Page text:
[00:10:16.620] – Alan Petersen
Yeah. Then you become the overnight success, right?

[00:10:19.800] – Nick Petrie
Yes, the 25-year overnight success.

[00:10:23.960] – Alan Petersen
How do you like the MFA program, what was that like? Is that something that you enjoyed going through that? Because those are pretty tough.

[00:10:31.940] – Nick Petrie
Well, it was interesting because in the early days, I didn’t really want to write crime fiction, per se. When I was in high school, I wanted to be Ernest Hemingway. When I was in college, I wanted to be Jim Harrison, and afterward, I wanted to be Cormac McCarthy. So I always had big ambitions, but I’m not sure that what I wrote How did you fit that. And I grew up reading crime fiction. I grew up on sci-fi and fantasy, which is very story-driven stuff. And when I turned in my first story for that first seminar in my MFA, my professor said, You write the stuff that people are actually going to read, and it wasn’t a compliment. It was the place where it was like a very ivory tower. And we had somebody who had already won a Pushkar Prize at 22. People really trying to write family traumas, really all across the board. But I learned… What I got the most out of it was the community of people to whom writing was important. And you can get that. I’m not sure it was worth the money I spent on an MFA, but you can get that at a writer’s conference.

[00:11:54.070] – Nick Petrie
You can get that by going to Boucher Con. But I’m not sure I got much real feedback as a writer that I really took away. I think for me, I learned to write by reading. I learned to write by… And I still read a lot. I read 100 books a year. I start probably twice that number, and I’ll read a couple of chapters, and I’ll either put it down or sometimes throw it across the room if I get really annoyed. I read a lot of non-conviction that I’ll read half a book or a third of a book, but I will finish literally 100 books a year and plus periodicals and everything else. Because you want to get soaked in story. You want to know how story works. For me, that was my best teacher, was to read good stuff.

[00:12:45.780] – Alan Petersen
What was the turning point for you then? Because I would imagine, yeah, like those MFAs probably aren’t too much fans of genre fiction. What started to make you think, Oh, maybe I’ll try to write a crime thriller. Who were some of some of the authors that inspired you and that you liked when you were reading them?

[00:13:03.940] – Nick Petrie
Oh, well, I mean, I grew up reading Robert Parker, those Spencer books. I still go back and reread. Elmore Leonard, when I was in high school and college, his stuff is fantastic. I can’t believe that there are a lot of people who still don’t really know who he is, but he was a very big deal in the ’80s and ’90s. He had something like 10 of his books were made in the movies, super talented, tight crime writer. Who else did I read? Travis McGee, the John D. Mcdonald series. All of that stuff from the ’80s and ’90s were really influential to me. And I still read Robert Crais, who’s first book, The Monkey’s Ranecoat, came out when I was in college. I have read every single book of his as it came out for his entire career. And he’s, again, a super talented guy, obviously. I mean, I read my friends. I read some of the big names if I think it’s a big book. On my newsletter, actually, I just did a Christmas edition where I gave out some… Recommended some books for gifts. And I try to recommend people who are either just starting out or who are not super well known.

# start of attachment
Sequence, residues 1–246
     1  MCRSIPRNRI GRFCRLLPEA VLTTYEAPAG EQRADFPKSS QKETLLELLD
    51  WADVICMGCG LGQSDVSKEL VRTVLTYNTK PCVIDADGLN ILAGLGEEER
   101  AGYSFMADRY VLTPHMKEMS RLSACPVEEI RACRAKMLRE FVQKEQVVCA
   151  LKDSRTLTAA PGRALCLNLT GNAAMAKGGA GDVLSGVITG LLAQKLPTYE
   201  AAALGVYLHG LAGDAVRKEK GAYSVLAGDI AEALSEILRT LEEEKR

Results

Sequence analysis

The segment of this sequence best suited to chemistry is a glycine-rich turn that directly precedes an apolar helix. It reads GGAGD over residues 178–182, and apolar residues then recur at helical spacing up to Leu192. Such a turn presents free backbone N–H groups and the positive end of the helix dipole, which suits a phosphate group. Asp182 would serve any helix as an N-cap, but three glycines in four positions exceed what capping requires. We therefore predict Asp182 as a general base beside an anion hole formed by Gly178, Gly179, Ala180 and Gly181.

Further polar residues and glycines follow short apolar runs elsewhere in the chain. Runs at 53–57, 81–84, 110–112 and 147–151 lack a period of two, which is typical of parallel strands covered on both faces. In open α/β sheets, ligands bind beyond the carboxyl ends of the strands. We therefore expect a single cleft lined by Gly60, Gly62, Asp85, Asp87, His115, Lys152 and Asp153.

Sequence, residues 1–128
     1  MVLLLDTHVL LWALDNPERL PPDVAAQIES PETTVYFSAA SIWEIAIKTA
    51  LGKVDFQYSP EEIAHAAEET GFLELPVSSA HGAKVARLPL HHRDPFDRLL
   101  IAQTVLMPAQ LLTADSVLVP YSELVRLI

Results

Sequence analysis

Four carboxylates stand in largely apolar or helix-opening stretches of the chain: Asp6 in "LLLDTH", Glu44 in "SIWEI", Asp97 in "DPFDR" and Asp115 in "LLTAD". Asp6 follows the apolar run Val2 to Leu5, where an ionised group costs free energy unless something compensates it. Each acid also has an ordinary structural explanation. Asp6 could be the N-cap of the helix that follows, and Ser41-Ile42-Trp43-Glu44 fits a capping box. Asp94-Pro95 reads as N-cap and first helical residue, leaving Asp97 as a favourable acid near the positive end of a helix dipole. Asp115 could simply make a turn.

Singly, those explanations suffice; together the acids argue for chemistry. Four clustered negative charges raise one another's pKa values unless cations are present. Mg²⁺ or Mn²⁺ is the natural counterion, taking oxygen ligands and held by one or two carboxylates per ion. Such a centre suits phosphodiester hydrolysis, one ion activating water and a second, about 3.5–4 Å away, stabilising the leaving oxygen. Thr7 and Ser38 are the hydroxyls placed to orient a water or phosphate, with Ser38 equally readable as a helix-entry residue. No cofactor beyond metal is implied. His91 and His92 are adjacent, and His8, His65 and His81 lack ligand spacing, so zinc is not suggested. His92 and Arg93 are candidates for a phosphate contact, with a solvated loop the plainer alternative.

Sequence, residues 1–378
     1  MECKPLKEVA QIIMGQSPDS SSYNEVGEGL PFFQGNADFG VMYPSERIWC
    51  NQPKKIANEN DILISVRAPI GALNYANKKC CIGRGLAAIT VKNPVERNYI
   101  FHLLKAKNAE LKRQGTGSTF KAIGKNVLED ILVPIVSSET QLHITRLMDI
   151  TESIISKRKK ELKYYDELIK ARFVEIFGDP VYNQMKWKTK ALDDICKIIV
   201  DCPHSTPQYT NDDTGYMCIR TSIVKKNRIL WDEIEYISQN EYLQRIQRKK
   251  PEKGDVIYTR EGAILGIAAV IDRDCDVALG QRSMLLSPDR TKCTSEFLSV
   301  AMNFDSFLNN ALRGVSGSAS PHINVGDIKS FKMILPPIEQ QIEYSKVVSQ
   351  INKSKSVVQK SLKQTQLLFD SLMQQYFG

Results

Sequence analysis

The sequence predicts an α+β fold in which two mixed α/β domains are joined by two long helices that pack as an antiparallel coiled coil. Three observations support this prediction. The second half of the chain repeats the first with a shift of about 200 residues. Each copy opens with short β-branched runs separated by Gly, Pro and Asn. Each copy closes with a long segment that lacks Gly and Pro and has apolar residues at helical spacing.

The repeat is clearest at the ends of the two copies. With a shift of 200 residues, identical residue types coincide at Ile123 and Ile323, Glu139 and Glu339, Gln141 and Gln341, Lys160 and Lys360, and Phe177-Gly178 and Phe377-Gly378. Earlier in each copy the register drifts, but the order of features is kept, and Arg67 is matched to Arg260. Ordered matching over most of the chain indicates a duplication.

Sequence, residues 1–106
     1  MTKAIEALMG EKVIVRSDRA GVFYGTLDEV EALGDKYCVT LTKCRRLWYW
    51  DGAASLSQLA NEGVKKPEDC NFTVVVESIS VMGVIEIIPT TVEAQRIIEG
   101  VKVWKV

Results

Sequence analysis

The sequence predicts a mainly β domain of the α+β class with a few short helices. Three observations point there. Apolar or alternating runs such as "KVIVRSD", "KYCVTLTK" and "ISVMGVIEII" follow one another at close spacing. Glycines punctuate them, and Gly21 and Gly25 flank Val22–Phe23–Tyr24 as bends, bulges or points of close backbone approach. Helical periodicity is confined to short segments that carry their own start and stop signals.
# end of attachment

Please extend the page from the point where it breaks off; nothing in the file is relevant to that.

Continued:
[00:14:22.260] – Nick Petrie
But I ended up shouting out two of Michael Connolly’s books because he, I think, is still really He’s stretching. He’s still trying new things. He’s pushing his characters. He’s pushing himself. It’s a common place in the world of crime fiction that Michael Connolly is one of the best. But to really see it, to go back and be like, wow, And I will take a book apart. A couple of times a year, I’ll find a book I really like, and then I’ll go back and read it again, and I’ll outline it. And then you can really see the bones of how a book works. It’s chapter by chapter, just a couple of lines, what happens, what the emotional content is, what the plot content is, if there are clues or whatever, I’ll note that, and how many pages. And so you can really learn great mechanics that way. How many chapters can you go between… If you have two points of view and you’re alternating, how long can you go between those points of view without losing the second one? What’s a good ratio for going back and forth? It’s basic stuff like that, which is, I think, hard to learn.

[00:15:35.480] – Nick Petrie
You just have to feel your way through it. But if you can break down a book, if you can beatline a book that you really like, you can really see the bones of how it works. That’s also a really good way to learn how to write novels.

[00:15:46.960] – Alan Petersen
Yeah, that’s a great idea. It’s like a reverse engineering it, basically. Totally. Yeah, I’ve done that myself as well, too. Like you said, just this little synopsis, a little word doc, and then just chapter one, chapter two. Yeah. Yeah. It’s a good advice because I know a lot of spying writers listen to this podcast. Yeah, great. That’s one thing I hear, too. Sometimes you hear I’ve interviewed people that are like, Well, I don’t like to read them on my own genre because I get work. I don’t understand that. I love crime readers, and I’m a fan first. I could never just give it up because I’m worried I’m copying somebody or something.